Community broadcaster: the time has come for LPFM-250
Rural communities in particular can greatly benefit from increased low-power FM power
Posted: June 26, 2021
The author is executive director of the National Federation of Community Broadcasters. NFCB comments are posted regularly on www.radioworld.com.
The National Federation of Community Radio Broadcasters joined a series of organizations in submitting comments in support of the REC Networks rule-making petition. The petition, RM-11909, promises to be a game-changer for rural communities, according to the NFCB assessment.
Why did NFCB sign up to extend LPFM? Low power stations represent an important moment in the evolution of radio in the proposition of US REC Networks is simple and intuitive. This would allow LPFMs in communities where their signals can be improved. Currently, most LPFMs are only about three miles away from their transmitters due to existing power limits of a maximum broadcast power of 100 watts. An increase would help sparsely populated areas tremendously and not cause conflict with existing broadcasters where they are otherwise present.
[Read: Community Broadcaster: Giving Mood]
Radio World recently shared some of the words from non-commercial broadcasters representing government, community and faith licensees. Many representatives of radio stations share that their outlets are assets in their communities. “Our little station provided hyperlocal programming,” one reads, for example, in WVMO’s comments. In each of these stories is the spark that is why so many people get into radio in the first place. These broadcasters aim to make a difference locally. An increase in signal would only deepen these zonal relationships.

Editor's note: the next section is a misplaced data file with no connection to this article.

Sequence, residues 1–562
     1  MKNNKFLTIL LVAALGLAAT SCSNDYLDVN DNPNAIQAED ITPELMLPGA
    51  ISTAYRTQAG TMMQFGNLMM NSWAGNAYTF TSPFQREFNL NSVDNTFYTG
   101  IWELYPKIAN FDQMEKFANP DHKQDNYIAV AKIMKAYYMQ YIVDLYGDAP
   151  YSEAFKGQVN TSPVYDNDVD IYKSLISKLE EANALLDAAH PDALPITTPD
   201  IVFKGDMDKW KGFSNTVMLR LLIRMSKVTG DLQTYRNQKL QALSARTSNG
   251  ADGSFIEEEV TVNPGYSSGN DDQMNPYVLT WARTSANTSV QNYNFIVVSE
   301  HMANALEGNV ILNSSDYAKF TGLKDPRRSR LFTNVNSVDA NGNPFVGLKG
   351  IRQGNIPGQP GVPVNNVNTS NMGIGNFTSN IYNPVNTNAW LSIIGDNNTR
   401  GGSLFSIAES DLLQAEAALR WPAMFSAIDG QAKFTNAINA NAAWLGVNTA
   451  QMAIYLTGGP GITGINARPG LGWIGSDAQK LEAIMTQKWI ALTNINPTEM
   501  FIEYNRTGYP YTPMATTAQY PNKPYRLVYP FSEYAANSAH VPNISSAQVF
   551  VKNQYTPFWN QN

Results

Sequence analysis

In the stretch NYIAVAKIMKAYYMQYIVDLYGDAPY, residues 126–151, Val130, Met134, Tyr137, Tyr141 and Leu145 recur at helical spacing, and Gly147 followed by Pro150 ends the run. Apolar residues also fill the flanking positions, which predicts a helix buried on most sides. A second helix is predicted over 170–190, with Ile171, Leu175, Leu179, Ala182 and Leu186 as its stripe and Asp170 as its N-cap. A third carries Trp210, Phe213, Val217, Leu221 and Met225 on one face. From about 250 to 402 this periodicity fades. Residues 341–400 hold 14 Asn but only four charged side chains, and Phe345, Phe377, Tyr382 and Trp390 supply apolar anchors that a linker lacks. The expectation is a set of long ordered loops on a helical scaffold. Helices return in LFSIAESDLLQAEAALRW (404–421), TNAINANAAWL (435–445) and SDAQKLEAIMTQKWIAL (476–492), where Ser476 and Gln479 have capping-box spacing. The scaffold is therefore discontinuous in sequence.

In few places the relation of our medium is more necessary than in remote areas. Lacking the number of broadcasting options one might hope for in rural areas, low-power FM stations perform a vital function. They provide a sense of belonging, information about emergency response, and a cultural gathering place where face-to-face encounters are more difficult due to the terrain. Stronger radio in these areas means stronger communities.
The idea presented by REC Networks has its share of criticism. Since there was the radio, one has the impression that there has been tension on the space on the dial. However, such conflicts are not as prevalent in rural communities where, to quote NFCB CEO Sally Kane, there are more cows than people. Either way, some argue that possible conflicts should mean a complete halt to progress. But, with natural disasters and the dire needs of communities for education and support, isn’t it wiser to just be more responsive when problems arise, rather than stop everything? I tend to believe that commissioners are professional enough to handle problems as they arise.
The FCC has yet to consider the petition for rule-making for REC networks, but the overwhelming number of comments is a fitting demonstration that, especially in rural communities, LPFM increases are an idea whose time is running out. came.